Figure 32 shows how features can be joined together. If you drag an active feature that has track connections like a switch (or actually a turntable), when the connection points come close to either a connection point on another switch or the end of a track, they will snap together, ensuring that the system will regard them as joined for the purpose of routing. Figure 32 shows this snap region in red.

You can move the ends of tracks by moving the cursor over the ends at which time a red circle will appear to show that the end can be moved to any position. It is a good idea perhaps to maintain only 30 or 15 degree angles though, so that the schematic map looks tidy.

You can constrain movement of a feature or the end of a track to be vertical or horizontal ONLY by holding down the shift key and dragging in the vertical or horizontal direction to start. The movement will be constrained to be only in the vertical or horizontal direction according to your starting movement. Many drawing programs follow this same approach.

To delete a track or active feature, select it and use the delete key or click the delete button.

If you make a mistake, you can click the Undo button, outlined in Figure 31. You can repeat this a number of times although there is a limit. You can then click the redo button to redo the undo. You can achieve the same result with control Z and control Y on the keyboard.

Figure 33. Maps Screen in Edit Mode - nearly complete

Figure 33 shows a map that is nearly complete. We would like all the tracks in the freight yard to line up at the left. This can be achieved using the Match Left or Right buttons outlined in Figure 33. Select all the required tracks by holding down the control key and clicking each, then click the Match Left button.

We can add an overpass or bridge by clicking Overpass and the clicking on the map. Here we use another feature, the Send Back and Brig Forward buttons. If we find the bridge above the track, we can select it and click the Send Back button until it is under the track.

Be sure to click the save button frequently to save your edits, but you can't undo after a save.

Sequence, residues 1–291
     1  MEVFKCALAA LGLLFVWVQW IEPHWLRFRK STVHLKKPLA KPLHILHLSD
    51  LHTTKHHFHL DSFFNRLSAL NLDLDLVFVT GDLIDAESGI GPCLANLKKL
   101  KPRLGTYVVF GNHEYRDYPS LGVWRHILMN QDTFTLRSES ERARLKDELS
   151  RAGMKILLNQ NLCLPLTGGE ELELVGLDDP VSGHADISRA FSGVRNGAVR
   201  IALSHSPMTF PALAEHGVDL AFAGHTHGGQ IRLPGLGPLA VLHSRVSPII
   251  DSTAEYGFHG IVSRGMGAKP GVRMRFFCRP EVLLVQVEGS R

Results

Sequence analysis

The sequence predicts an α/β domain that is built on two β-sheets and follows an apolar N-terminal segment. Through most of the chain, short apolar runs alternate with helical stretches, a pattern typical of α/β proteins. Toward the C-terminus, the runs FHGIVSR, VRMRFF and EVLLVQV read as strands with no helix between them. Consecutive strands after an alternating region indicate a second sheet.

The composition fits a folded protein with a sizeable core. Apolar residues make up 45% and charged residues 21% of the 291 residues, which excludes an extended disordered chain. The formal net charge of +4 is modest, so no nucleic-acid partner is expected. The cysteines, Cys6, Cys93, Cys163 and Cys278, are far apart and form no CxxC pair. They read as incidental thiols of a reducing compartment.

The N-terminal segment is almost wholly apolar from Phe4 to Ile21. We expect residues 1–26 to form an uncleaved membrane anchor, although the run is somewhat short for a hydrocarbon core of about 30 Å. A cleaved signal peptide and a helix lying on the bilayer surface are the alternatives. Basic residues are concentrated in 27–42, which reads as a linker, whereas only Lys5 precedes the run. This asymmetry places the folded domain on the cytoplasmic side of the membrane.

We can add some buildings and labels to the map. The click Save and Edit Exit.

Finally we can go back to the Devices screen and create some signals and lights, edit the map again and add them..

Figure 34. Maps Screen in Edit Mode - added the signals and yard lights.

Figure 34 shows the completed map with signals and yard lights added. Click Save and Edit Exit. To enter Run Mode. We'll discuss that in the next section.

Controlling your Layout

Figure 35. Maps Screen in Run Mode

Figure 35 shows a map ready to be used as a schematic control panel.

To connect to the layout, click the Connect button.

Figure 36. Maps Screen in Run Mode, Connected

Figure 36 shows a map connected to the layout. Clicking or tapping on any active feature causes it to switch to its next state. For instance Left and Right Hand Switches go from straight to thrown and back. Signals go from red to green and back to red. 3-Light signals include amber in the sequence. Double Slip Switches and 3-Way Points go through all their possible positions in sequence.

Different features behave in different ways, turntables will go through all their positions. Power blocks change polarity on tapping.

Figure 37. Maps Screen in Run Mode with Universal Power Districts, Connected

Figure 37 shows a map containing some universal power districts connected to a layout. Clicking or tapping on one of the Mode buttons: WTX, CHA, CHB and EXT causes that power mode to be selected for the section of track under control of that district. Clicking or tapping on the red arrow icon causes the direction to sequence between left, right and off.

The Current indicator show the current being drawn by the locomotives in that block. The Occupation indicator shows yellow when the block is occupied by a locomotive, whether running or not. The text in red is simply the name of the logical unit for the Universal Power District.